death of a dream

The holidays can be a potent, emotionally charged time — especially among families that have suffered divorce. In fact, I’ve been so busy for the past week or so that the emotions of navigating all this family time by myself didn’t really hit me until it was all over.

Even if I don’t miss my ex, I do miss several of the traditions and memories we created and shared together. He’s Jewish; I come from a Christian background. We were blessed to celebrate Chanukah and Christmas. I miss sharing the season with him and his family. And while I’m in contact with some of the former in-laws, I’m no longer part of the family celebrations. I have to experience them through my children’s stories.

My ex missed this, too. When I dropped the children off to spend a few days of their break, he gave me a hug and told me he misses me. I’m smarter than to believe I should take this to mean anything of substance. I still love him. But I don’t miss living with him. And I doubt he misses living with me, aside from some of the happy memories we created together. After all, how can the holidays be recalled with anything but fondness?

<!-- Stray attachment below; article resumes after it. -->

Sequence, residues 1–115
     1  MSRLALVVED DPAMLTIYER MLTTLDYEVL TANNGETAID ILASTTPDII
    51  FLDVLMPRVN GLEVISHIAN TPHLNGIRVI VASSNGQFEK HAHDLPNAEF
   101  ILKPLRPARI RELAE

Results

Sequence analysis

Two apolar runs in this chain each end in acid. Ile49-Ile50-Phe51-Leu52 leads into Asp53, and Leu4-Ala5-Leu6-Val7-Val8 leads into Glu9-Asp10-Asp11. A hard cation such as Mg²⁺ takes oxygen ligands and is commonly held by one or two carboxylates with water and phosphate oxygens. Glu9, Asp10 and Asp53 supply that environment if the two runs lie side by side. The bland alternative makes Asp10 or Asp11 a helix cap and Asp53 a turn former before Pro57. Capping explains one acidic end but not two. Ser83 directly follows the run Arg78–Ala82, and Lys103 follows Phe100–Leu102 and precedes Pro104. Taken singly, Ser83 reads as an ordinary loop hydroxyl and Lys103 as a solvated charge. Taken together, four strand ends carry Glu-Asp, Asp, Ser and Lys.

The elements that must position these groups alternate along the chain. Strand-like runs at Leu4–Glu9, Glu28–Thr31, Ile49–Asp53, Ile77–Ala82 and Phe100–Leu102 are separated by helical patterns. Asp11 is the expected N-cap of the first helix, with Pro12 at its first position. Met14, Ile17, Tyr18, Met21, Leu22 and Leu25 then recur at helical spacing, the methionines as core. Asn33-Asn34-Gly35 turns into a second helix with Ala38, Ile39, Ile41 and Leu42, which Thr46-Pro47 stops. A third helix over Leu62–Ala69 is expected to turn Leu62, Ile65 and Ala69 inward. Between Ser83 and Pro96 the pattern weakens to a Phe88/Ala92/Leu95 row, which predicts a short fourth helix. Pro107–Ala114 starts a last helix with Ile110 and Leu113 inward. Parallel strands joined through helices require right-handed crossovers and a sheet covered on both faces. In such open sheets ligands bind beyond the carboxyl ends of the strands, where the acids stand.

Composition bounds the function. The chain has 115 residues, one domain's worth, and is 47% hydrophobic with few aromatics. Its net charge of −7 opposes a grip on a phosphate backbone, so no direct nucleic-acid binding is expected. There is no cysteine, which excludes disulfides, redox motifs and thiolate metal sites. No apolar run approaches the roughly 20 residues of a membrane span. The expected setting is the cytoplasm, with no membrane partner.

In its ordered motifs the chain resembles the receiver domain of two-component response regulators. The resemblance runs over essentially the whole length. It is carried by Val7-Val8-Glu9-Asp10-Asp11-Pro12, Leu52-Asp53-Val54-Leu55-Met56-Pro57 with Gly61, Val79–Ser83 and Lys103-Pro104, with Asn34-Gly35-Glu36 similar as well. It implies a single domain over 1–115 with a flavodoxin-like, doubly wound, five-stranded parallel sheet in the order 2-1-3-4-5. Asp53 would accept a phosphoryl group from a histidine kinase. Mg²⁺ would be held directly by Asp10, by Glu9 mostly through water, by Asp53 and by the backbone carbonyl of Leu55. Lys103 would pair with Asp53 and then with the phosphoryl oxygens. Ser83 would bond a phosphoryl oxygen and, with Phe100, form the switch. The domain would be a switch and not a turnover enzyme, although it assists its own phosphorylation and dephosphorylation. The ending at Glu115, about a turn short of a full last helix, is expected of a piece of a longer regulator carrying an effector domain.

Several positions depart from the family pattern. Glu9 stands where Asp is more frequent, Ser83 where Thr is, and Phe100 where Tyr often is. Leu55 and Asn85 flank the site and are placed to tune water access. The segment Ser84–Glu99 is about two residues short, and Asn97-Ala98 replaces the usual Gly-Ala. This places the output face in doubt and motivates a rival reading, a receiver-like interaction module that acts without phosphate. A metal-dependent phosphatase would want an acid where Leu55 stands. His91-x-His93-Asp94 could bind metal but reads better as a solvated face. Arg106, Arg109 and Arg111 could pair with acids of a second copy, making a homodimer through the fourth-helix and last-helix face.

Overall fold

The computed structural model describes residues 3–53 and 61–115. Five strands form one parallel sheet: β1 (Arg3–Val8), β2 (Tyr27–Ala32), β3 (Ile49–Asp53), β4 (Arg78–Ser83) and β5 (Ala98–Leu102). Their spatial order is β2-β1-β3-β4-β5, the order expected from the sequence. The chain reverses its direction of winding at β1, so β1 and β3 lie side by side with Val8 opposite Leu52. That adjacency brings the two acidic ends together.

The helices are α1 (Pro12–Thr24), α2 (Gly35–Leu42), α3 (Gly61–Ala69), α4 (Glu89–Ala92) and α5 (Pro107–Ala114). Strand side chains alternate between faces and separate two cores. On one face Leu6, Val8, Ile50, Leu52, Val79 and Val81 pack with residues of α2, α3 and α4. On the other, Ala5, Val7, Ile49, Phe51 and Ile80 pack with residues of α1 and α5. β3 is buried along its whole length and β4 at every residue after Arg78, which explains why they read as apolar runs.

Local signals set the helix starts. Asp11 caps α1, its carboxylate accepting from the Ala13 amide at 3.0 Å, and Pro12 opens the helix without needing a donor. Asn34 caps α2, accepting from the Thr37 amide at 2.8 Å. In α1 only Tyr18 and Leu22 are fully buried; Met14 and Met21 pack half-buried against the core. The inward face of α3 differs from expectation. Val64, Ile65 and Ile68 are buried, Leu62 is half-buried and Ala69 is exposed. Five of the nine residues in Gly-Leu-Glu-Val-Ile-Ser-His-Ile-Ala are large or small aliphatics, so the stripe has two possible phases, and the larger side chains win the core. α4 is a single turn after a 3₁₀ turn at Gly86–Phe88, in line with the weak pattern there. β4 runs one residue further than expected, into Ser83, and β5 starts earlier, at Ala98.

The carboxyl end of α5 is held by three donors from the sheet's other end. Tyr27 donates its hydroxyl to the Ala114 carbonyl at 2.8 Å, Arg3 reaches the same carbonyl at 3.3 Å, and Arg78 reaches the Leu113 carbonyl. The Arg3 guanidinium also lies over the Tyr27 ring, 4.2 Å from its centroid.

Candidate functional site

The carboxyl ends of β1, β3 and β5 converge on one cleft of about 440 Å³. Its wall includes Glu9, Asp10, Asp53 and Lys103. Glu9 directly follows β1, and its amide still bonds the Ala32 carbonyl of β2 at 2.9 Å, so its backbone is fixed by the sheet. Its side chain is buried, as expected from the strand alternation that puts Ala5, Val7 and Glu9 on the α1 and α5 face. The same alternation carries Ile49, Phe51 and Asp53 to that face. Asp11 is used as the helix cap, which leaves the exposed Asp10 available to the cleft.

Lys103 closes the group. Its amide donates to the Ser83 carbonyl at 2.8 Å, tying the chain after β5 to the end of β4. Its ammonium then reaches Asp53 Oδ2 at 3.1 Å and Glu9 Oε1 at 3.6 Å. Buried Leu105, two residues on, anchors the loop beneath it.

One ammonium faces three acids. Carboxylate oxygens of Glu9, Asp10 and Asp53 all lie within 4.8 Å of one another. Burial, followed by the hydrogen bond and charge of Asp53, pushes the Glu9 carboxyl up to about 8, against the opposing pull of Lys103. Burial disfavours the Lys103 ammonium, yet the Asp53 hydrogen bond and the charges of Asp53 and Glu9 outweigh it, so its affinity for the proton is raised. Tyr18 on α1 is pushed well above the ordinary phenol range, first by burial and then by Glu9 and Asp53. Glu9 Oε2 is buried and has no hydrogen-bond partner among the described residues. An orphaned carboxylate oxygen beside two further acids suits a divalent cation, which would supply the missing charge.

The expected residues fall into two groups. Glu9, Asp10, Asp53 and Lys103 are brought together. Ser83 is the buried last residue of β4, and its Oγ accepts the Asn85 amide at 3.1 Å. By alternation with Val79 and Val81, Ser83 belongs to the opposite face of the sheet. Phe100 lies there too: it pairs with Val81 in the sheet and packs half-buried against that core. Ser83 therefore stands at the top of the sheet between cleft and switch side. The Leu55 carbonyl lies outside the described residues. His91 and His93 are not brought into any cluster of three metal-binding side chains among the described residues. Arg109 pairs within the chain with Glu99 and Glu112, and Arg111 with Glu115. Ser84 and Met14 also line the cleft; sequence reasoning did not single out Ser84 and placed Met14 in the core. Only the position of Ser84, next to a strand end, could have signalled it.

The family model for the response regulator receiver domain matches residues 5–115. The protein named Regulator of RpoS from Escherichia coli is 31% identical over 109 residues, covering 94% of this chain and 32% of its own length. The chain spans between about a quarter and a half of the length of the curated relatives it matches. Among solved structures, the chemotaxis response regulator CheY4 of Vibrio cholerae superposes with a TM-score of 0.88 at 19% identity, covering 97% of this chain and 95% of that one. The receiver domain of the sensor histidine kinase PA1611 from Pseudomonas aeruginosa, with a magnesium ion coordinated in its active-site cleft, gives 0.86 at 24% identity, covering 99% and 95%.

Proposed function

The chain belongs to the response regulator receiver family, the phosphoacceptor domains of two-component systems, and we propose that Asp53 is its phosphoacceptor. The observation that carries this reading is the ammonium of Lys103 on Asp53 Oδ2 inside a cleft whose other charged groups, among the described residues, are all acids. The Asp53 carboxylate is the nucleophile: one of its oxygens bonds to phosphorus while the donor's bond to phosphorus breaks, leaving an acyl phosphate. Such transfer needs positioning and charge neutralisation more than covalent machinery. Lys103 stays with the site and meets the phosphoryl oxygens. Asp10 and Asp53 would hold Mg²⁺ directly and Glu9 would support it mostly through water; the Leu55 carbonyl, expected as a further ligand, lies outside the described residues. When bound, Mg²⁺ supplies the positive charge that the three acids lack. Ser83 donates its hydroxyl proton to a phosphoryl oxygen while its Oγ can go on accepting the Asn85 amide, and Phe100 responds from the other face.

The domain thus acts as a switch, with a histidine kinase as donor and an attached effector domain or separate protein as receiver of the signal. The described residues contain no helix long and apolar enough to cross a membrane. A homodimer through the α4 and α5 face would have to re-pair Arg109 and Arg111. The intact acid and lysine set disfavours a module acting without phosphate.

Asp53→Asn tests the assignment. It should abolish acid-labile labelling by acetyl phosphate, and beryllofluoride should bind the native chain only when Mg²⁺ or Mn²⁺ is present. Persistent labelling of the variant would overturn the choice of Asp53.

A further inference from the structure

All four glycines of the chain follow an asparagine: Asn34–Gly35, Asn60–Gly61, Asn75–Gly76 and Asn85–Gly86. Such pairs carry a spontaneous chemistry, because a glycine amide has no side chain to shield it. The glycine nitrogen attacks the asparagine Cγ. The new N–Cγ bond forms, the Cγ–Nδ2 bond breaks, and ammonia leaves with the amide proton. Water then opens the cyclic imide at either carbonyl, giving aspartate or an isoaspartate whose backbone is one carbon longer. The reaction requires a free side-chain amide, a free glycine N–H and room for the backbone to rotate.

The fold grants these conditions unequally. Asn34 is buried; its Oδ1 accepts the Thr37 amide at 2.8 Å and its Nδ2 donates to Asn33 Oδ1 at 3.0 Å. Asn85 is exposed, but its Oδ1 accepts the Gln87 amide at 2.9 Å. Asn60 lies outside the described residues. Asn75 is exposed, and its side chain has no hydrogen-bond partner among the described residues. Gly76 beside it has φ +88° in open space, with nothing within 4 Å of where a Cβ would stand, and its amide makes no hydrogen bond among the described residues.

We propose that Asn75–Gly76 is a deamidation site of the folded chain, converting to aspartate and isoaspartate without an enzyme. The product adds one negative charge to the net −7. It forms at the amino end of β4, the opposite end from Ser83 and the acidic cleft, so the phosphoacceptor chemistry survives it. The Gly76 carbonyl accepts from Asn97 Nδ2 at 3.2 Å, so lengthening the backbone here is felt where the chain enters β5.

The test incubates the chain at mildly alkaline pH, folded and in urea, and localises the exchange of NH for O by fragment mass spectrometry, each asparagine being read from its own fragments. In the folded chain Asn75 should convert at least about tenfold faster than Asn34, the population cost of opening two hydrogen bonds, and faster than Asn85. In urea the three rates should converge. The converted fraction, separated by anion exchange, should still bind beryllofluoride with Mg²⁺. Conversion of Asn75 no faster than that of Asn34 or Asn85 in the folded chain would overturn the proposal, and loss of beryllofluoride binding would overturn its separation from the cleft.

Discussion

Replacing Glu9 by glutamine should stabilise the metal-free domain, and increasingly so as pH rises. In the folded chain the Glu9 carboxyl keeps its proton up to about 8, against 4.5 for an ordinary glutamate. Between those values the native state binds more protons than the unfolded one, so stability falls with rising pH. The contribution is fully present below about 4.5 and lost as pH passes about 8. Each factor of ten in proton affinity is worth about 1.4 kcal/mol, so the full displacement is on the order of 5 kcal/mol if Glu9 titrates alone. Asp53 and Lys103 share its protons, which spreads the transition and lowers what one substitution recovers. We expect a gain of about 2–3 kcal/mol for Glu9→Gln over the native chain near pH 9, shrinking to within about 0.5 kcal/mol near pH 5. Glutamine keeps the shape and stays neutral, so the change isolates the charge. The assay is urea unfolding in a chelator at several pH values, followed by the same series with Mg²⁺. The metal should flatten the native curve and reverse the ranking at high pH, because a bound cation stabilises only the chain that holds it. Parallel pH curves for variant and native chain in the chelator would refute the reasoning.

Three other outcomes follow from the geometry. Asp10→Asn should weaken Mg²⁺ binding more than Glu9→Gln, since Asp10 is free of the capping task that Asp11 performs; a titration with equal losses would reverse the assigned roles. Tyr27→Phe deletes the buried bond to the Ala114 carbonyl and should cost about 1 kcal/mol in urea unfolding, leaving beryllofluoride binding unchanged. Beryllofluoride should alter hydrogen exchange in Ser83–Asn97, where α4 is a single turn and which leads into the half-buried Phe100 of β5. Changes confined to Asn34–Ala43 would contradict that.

So if we remember and reminisce about family celebrations, especially holidays, what is the impact of divorce? It’s the death of a dream. Certainly when we came together, vowed to love one another and brought children into the world, we did so believing that we would be together. We dreamt of a stable family life for our children and creating traditions of all kinds together.

And having failed at maintaining this, I can’t help but wonder what of our children’s dreams we have dashed?

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